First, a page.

This blogpost features Gina Holloway Mulder, VMTR and IAVMT member concerning what she is doing in her practice and her thoughts on the work of VMT.
“I am often asked the question “what do you do?”… I use my understanding of the integration of bodymind and voice to help others to re-claim their voice, free their body, empower themselves and ultimately to thrive.”
-Gina Holloway Mulder
Gina has a VMT practice in Durban, KwaZulu Natal province, in The Republic of South Africa and also consults in Johannesburg. She was introduced to VMT when she came across Paul Newham’s book Using Voice and Movement in Therapy, which led her to take the 2005/06 Voice Movement Therapy (VMT) training with Anne Brownell and Christine Isherwood on Martha’s Vineyard USA. Gina had worked in voice coaching for speaking and effective communication training and as a choreographer and movement teacher before VMT. Gina said she had felt as if she was living in two worlds: the voice world and the movement world. VMT allowed her to integrate both into her practice immediately when she returned to South Africa after the training. Today Gina runs private and group sessions, workshops and retreats in South Africa and abroad. She is currently working on a book about VMT 10 Vocal Components, and has other writing projects in the pipeline.
Gina describes herself as an empowerment catalyst:
“I spark the change, the realization, the dream into the potential of what the individual can be, is, and wants to be. Empowerment catalysts, that is what we are doing as VMT practitioners; empowering people to claim their voices. If you don’t have your voice you are not empowered, no matter what official title you hold in your work or social context.”
-Gina Holloway Mulder
Gina identified four primary challenges in expanding the VMT work in South Africa.
Firstly, South Africa does not have a culture of therapy and self-development. Therapy is regarded as a luxury or sought only when people are in crisis. Secondly, VMT is very different to traditional approaches to psychological work, and although people engage in the arts, dance, and singing, the idea of integrating these into therapy is a foreign idea. Thirdly, there are financial barriers. Gina said, “People find it difficult to pay for therapy. For the practitioners the cost of marketing your services and hiring space is quite high. Lastly, we have the need for an official structure or organisation that can represent practitioners, something that shows we are not just individuals but belong to something bigger.”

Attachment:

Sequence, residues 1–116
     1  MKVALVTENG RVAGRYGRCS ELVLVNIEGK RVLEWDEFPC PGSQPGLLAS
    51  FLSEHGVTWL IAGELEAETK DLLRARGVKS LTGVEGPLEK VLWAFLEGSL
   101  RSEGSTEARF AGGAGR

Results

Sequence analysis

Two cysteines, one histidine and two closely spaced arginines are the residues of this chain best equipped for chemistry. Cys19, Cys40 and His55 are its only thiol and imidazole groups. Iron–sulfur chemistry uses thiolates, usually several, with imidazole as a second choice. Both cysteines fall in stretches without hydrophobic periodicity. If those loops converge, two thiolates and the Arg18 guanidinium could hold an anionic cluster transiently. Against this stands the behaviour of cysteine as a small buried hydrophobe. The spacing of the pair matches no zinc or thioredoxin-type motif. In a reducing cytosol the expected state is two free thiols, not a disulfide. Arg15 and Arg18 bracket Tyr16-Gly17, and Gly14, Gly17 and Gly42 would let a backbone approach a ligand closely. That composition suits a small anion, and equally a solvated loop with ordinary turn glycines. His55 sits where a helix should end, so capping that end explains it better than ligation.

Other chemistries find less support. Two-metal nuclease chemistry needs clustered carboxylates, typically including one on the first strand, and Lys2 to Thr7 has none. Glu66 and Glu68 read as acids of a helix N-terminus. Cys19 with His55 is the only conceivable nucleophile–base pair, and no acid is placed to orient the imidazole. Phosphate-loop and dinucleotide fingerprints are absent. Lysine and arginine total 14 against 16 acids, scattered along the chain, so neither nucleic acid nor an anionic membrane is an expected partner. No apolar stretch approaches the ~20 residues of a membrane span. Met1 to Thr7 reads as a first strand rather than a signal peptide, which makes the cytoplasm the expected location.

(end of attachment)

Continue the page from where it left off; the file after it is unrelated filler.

Gina believes, however, that there is a great opportunity in the South African (and international) business and empowerment context. Since South Africa’s democracy there has been great emphasis placed on the financial empowerment of back South Africans and many people have been ‘fast-tracked’ into influencial positions however, in her experience, these people sometimes gravitate towards a sense of false
empowerment because they still do not have their voice.
Gina runs workshops with corporations as diverse as banks and tech companies in South Africa and abroad. Gina said, “Getting into corporations was initially a challenge because, although HR departments talk about wellness and empowering employees, very often they are afraid that if staff actually claim their voice, if they speak up and speak out, they will challenge the status quo. There is a huge risk involved in allowing people their voice.” However, Gina believes that it is only in encouraging people to claim their voice and place in the organisation that they will be able to take ownership, really engage with the business and others, be productive and even find joy in their work environment.